P. vivax malaria infection remains latent within the liver while the parasite is undergoing pre-erythrocytic shizogony. If the parasite is controlled at any stage before it escapes the liver there are no clinical symptoms of disease. Thus, the pre-erythrocytic stages of the malaria parasite are ideal targets for designing vaccines to prevent the symptomatic stage of the disease by killing parasites before they enter peripheral circulation.

The sporozoite has long been shown to induce protection in animal and human models against various malarias. Immunization with irradiated sporozoites leads to complete protection from a homologous challenge. However, using sporozoites to vaccinate large populations presents logistical problems.

The circumsporozoite (CS) protein present on the sporozoites of all plasmodia is the most abundant protein. It is involved in the motility and invasion of the sporozoite during its passage from the site of inoculation into circulation, from where it migrates to the liver and enters the hepatocyte (Mota, M M and Rodrigues, 2004, Cell Microbiol: 6, 1113-1118). As a consequence, the CS protein is a very appealing target for a vaccine. Studies in animal models and humans have shown promising results. The CS antigen has been shown to induce protection in rodent (Py and Pb) models and is a part of RTS,s, the most advanced malaria vaccine developed so far (Heppner et al. 2005, Vaccine 23, 2243-50) which is based on the CS protein of P. falciparum.

A recombinant P. vivax CS protein was expressed and tested as a vaccine in the early 80s to 90s with limited success (Collins et al., 1989, Am. J. Trop. Med. Hyg. 40, 455-64) and was not pursued further. Subsequently, due to the limitations of producing large amounts of pure protein, synthetic peptide-based vaccines have been developed. Recently, a Phase I study was carried out with the N-terminal, C-terminal and repeat region of PvCS and shown to induce antibody and IFN-gamma responses in vaccinated individuals (Herrera et al. 2005, Am. J. Trop. Med. Hyg. 73, 3-9). The vaccine was comprised of three long synthetic peptides corresponding to the N-terminal, Repeat region and C-terminal portions which ranged in size from 48 amino acids to 76 amino acids and were based on the sequence of the P. vivax Sal I parasite. The vaccine was based on linear peptides that represent three different parts of the CS molecule. They did not represent the CS protein in its entirety. Additionally these peptides did not take into account the variations found in the repeat region and were derived from a single strain of P. vivax (Sal-1) which is not representative of global P. vivax CS protein sequences. Other vaccines based on Multiple Antigen Peptides (MAP) were developed and tested in monkeys. MAPS are based on one or more epitopes that are cross-linked on a lysine backbone (Nardelli and Tam, 1995, Pharm. Biotechnol. 6, 803-19).

Synthetic vaccines present several drawbacks. Due to technical limitations in the length of synthetic peptides that can be made, these vaccines can not represent the entire protein, but only fragments of a protein. Additionally, these vaccines are limited in the sequences that are incorporated in them, and therefore would not recognize most global constructs. We therefore decided to explore the feasibility of a recombinant protein-based vaccine utilizing new advances in the field of biotechnology. Despite being studied for several years, the structure, and exact significance of the various parts of the CS molecule are not clearly known. There are several studies alluding to the significance of several regions of the CS molecule. CS sequence from all plasmodia show dramatic differences, with no general sequence conservation. There are, however, two motifs, a 5 amino acid sequence at the N-terminal immediately preceding the repeat region, known as Region I (KLKQP, SEQ ID NO:1), that shows complete sequence conservation in all the plasmodia sequenced so far. The second motif, located at the C-terminal end of the molecule, has strong sequence and motif conservation among all plasmodia. This region is known as Region II plus (CSVTCG, SEQ ID NO:2). Both Region I and Region II plus have been shown to be involved in binding to hepatocytes. Generating an immune response against these motifs could prevent a receptor-ligand interaction, a feature important in preventing the establishment of infection.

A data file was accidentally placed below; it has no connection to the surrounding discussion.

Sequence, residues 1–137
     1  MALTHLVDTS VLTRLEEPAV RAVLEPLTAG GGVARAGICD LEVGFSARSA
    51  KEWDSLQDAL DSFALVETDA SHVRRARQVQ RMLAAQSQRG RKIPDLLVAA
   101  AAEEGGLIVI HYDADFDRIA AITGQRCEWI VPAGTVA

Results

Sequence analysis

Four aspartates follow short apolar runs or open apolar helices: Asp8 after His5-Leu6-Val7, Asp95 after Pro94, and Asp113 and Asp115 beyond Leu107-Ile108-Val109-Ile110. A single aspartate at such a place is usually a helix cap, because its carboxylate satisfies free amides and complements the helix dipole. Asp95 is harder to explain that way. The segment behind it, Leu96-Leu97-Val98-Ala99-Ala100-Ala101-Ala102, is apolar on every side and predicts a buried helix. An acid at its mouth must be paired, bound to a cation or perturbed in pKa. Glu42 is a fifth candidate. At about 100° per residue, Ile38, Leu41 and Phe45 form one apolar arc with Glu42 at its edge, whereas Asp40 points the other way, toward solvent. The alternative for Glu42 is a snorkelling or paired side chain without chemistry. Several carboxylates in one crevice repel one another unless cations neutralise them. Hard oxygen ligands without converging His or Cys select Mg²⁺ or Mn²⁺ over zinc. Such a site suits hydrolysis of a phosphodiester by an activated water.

The bulk of the CS molecule of all Plasmodia is constituted by a central repeat region. The repeat regions vary for each Plasmodium species. The central repeat region of P. falciparum comprises of NANP/NVDP repeats. All sequenced strains of P. falciparum have a common and highly conserved repeat sequence. P. vivax has two distinct forms of the CS protein designated VK210, or Type 1, and VK247, or Type 2. These two forms are almost identical at the N and C terminal, but differ in the central repeat region. The repeat regions were initially identified when antibodies against what are now known as the VK210 parasite failed to recognize certain sporozoites. Thus, antibodies directed against the repeat region of the two types do not cross-react with each other. While a majority of the field infections are attributed to VK210 sporozoites, a significant number of VK247 infections are observed world-wide, either as single, or mixed (along with VK210) infections.